Some of you know that we have been slightly disappointed in the “Spirit of Aloha” everyone keeps talking about over here on Oahu. We ain’t seen none of it. Well, maybe just a little of it, but it is usually directed at people who are not us. This is the story of how we found out that the Spirit of Aloha does, in fact, exist.
One of our big plans for the Big Island was to go to the Kona temple. We flew in to Hilo on Friday afternoon, and our only chance for the temple was Saturday morning, so we drove around the island and camped at a beach park Friday night. Saturday morning we called the temple to find out how to get there and before we knew it, we were parked in front of the little temple. Kareena was hoping to do baptisms, and it just so happened that a ward had just gotten there to do that very thing. They let her piggyback onto their group which made her happy as a clam at high water. Our session didn’t start until about 45 minutes after Kareena went in, which meant she was finished probably about the time we were getting started in the session. She managed to keep herself busy taking pictures outside for a while, but since the last session started at 11:00, they were locking up right about then and she would have been shut out in the warm for another hour or so. The workers invited her back inside to sit in the waiting room.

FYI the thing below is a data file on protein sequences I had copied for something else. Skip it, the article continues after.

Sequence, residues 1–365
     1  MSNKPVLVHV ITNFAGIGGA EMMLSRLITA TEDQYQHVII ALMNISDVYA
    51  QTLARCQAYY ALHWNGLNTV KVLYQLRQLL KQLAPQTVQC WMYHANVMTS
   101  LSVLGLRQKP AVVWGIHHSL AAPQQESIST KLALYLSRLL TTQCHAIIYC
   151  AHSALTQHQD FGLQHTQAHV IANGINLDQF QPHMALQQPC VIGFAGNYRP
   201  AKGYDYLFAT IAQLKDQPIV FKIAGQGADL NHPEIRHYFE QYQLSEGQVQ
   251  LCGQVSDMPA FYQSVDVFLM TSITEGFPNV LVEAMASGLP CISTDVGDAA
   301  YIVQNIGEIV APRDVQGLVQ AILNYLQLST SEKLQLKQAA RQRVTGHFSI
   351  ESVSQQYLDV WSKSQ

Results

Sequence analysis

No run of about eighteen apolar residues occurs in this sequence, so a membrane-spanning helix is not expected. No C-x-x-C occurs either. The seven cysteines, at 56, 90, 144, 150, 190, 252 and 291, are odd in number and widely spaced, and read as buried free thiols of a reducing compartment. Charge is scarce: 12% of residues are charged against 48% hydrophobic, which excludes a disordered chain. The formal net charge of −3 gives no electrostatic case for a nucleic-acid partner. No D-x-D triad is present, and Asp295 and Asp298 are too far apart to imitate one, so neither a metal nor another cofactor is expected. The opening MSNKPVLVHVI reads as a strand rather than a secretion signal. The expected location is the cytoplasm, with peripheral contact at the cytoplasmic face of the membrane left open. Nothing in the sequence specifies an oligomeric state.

Meanwhile, Micah and I were having a grand old time. The lady I was sitting next to struck up a conversation with me like we were old friends and everyone else we ran into acted like we were their long lost cousins. We would have loved to stay and chat with them after the session, but we were a little worried that Kareena would be bored, so we hurried out as quickly as we could afterwards. We needn’t have worried. We found Kareena in the waiting room with a little girl who was just sealed to her parents (and who gave Kareena one of her mint oreos) and three other people who were waiting for a ride home from a previous session. By the time we got there, Kareena had already exchanged phone numbers with them and we had a dinner invitation and a place to stay if we ever go back to the island. Unfortunately, they lived in Waimea, which is the opposite direction from where we were heading so we couldn’t make the dinner date. They also told us where we could go to church on Sunday, which happened to be with the ward that was there doing baptisms. Kareena had exchanged phone numbers with some people in that ward and they seemed pretty intent on adopting us, too. But we had to be on our way so they settled for telling us where some great snorkel spots were and sending us back on our adventure. At church we were again welcomed with open arms and spent half an hour after church talking to our friends the Kirbys and finding out what is cool to do on the Hilo side (besides the volcano). It sounds like if we ever want to go back (which we surely do), we have our pick of places to stay.
We apologize for leading you all to believe that the Aloha Spirit is dead. It’s not. It’s just on the Big Island.
*The temple pictures are on Kareena’s camera, so you’re just going to have to wait to see them